200.200.200.49–200.200.200.62
         d.     Network: 200.200.200.224
                Range of IP addresses: 200.200.200.225–200.200.200.238
         e.     14
         f.     14
                                                                       Answers to Review Questions       255



5.    You need to create five networks with the Class C address 201.201.201.0.
     a. What is the subnet mask?
     b. List the first three valid network numbers.
     c. List the range of host IP addresses on those three networks.
     d. List the last valid network and range of IP addresses.
     e. How many subnets does this solution allow?
     f. How many host addresses can be on each subnet?
      Answer:

       a.       255.255.255.224
       b.       201.201.201.32, 201.201.201.64, 201.201.201.96
       c.       201.201.201.33–201.201.201.62
                201.201.201.65–201.201.201.94
                201.201.201.97–201.201.201.126
       d.       Network: 201.201.201.192
                IP address range: 201.201.201.193–201.201.201.222
       e.       6
       f.       30

6.    You need to create 110 networks with the Class C address 202.202.202.0. What is the subnet mask?
      Answer: Trick question; the address is invalid.

7.    You need to create 140,000 networks with the Class A address 10.0.0.0. What is the subnet mask?
      Answer: 255.255.255.192

8.    You need to create 54 networks with the Class B address 155.155.0.0. What is the subnet mask?
      Answer: 255.255.252.0

9.    You need to create 110 networks with the Class B address 131.107.0.0. What is the subnet mask?
      Answer: 255.255.254.0

10. You need to create 425 networks with the Class A address 15.0.0.0. What is the subnet mask?
      Answer: 255.255.128.0
256       Appendix A



  11. Using the subnet mask of 255.255.0.0 and the Class A address of 10.0.0.0:
       a. How many unique networks can be created?
       b. How many host IP addresses can be on each network?
        Answer:

         a.         254
         b.         65,534



Chapter 10
  1.    List the two major problems that have challenged the growth of the Internet.
        Answer: Class B address exhaustion and overloaded routing tables.

  2.    Rather than assigning a company one Class B, what did the IANA begin doing?
        Answer: It began assigning contiguous Class Cs.

  3.    If your company is assigned the four contiguous Class C addresses of 192.168.0.0–192.168.3.0, what is the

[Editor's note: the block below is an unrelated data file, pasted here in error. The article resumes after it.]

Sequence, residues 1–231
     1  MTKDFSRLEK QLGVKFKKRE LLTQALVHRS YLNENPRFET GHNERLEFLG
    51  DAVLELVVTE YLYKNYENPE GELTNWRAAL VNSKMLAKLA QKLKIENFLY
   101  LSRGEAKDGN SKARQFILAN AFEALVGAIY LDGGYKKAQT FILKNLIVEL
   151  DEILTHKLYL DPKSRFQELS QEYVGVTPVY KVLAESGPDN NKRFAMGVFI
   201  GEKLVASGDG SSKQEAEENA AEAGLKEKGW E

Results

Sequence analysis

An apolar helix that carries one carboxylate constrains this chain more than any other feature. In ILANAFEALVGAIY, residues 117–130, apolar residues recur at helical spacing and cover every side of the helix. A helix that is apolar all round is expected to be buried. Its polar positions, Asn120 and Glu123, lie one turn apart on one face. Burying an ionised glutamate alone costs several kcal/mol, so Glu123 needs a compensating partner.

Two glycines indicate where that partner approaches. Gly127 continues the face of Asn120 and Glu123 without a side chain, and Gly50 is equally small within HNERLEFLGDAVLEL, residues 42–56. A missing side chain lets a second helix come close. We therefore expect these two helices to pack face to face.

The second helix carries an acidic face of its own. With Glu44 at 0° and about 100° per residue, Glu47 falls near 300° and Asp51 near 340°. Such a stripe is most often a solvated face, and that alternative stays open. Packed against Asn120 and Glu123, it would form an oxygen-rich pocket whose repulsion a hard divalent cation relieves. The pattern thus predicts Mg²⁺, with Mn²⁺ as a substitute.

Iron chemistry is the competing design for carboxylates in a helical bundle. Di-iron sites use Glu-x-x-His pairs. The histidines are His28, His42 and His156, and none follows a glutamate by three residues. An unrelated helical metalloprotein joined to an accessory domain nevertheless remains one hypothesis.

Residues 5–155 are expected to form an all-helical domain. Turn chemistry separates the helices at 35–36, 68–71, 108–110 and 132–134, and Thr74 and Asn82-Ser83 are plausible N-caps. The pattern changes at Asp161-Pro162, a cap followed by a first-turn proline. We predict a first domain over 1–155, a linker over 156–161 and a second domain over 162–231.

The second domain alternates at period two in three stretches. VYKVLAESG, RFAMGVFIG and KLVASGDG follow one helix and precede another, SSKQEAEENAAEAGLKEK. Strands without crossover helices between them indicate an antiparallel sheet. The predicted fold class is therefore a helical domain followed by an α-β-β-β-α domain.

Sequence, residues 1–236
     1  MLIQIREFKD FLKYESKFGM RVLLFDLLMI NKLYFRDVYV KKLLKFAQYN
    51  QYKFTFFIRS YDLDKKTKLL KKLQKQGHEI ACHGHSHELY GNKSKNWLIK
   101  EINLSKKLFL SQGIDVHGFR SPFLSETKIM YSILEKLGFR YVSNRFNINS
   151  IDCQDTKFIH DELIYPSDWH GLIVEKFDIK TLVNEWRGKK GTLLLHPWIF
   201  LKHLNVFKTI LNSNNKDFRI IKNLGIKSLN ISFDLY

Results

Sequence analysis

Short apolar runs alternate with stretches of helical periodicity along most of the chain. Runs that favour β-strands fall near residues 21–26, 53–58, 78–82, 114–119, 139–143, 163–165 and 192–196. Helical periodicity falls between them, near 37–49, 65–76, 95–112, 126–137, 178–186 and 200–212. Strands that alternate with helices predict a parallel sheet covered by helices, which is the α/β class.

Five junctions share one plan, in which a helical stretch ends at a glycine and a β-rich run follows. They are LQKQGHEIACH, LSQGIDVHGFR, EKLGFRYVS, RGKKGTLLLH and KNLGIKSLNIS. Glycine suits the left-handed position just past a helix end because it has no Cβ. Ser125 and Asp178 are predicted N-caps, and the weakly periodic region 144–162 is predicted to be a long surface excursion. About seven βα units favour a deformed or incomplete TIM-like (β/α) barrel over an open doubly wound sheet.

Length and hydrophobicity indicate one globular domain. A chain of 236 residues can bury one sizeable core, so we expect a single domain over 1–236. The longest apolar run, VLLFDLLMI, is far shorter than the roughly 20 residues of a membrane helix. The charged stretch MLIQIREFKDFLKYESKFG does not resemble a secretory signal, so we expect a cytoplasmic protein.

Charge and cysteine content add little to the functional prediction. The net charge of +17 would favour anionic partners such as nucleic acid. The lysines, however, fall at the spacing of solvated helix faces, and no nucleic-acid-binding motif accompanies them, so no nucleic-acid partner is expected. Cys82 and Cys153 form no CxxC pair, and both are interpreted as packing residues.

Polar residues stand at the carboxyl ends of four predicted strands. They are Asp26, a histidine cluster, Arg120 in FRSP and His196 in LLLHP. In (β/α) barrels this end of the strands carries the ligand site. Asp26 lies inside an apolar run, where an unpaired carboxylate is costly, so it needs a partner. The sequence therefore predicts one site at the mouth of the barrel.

supernet mask?
        Answer: 255.255.252.0

  4.    If your company is assigned the 16 contiguous Class C addresses of 192.168.0.0–192.168.15.0, what is the
        supernet mask?
        Answer: 255.255.240.0

  5.    If you use the supernet mask 255.255.248.0, how many bits is IP going to examine?
        Answer: 21

  6.    Instead of having 48 entries in a routing table, how many entries would there be if you use a supernet mask?
        Answer: 1

  7.    What is the address 192.168.1.0 with a subnet mask of 255.255.255.224 when converted to CIDR notation?
        Answer: 192.168.1.0/27

  8.    What is the address 192.168.1.0 with a subnet mask of 255.255.255.240 when converted to CIDR notation?
        Answer: 192.168.1.0/28

  9.    What is the address 10.0.0.0 with a subnet mask of 255.255.128.0 when converted to CIDR notation?
        Answer: 10.0.0.0/17

  10. What is the address 176.16.0.0 with a subnet mask of 255.255.128.0 when converted to CIDR notation?
        Answer: 176.16.0.0/17
                                                                           Answers to Review Questions   257




Chapter 11
 1.   What are the two types of name resolution?
      Answer: Host name resolution and NetBIOS name resolution

 2.   In the correct order, list the steps of host name resolution.
      Answer: Local host, HOSTS file, DNS, NetBIOS name cache, WINS, broadcast, LMHOSTS file

 3.   In the correct order, list the methods of NetBIOS name resolution.
      Answer: NetBIOS name cache, WINS, broadcast, LMHOSTS file, HOSTS file, DNS

 4.   What is wrong with the following entry in the HOSTS file?
       www.sybex.com         206.100.29.83

      Answer: The IP address needs to be on the left.

 5.   What would be the fastest way to get host name resolution to www.sybex.com?
      Answer: Put an entry in the HOSTS file for www.sybex.com.

 6.   What would be the fastest way to get NetBIOS name resolution to ACCT_SRV?
      Answer: Add #PRE to the ACCT_SRV entry in the LMHOSTS file to have the name and IP address of ACCT_SRV
      always in NetBIOS name cache.

 7.   What directory are the LMHOSTS and HOSTS files stored in on a Windows NT workstation?
      Answer: \SYSTEMROOT\SYSTEM32\DRIVERS\ETC

 8.   Can you put an alias in the LMHOSTS file?
      Answer: No, only NetBIOS names can be in the file.

 9.   What file and switch are used to place a NetBIOS name into NetBIOS name cache permanently?
      Answer: The #PRE switch and the LMHOSTS file are used.

 10. Write the command you would type to purge NetBIOS name cache and to reload the LMHOSTS file.
      Answer: nbtstat -R

 11. Which type of name resolution does FTP use?
      Answer: Host name resolution

 12. Which type of name resolution does HTTP use?
      Answer: Host name resolution

 13. Which type of name resolution will net view use?
      Answer: NetBIOS name resolution

 14. What is the utility used to check the local host name?
      Answer: HOSTNAME
258      Appendix A




Chapter 12
  1.   What is the name of the original file used to store host names and IP addresses?
       Answer: HOSTS.TXT

  2.   What RFCs describe DNS?
       Answer: RFCs 1034 and 1035

  3.   What character represents the root of the domain name space?
       Answer: A period

  4.   What is the client called when asking for resolution?
       Answer: A resolver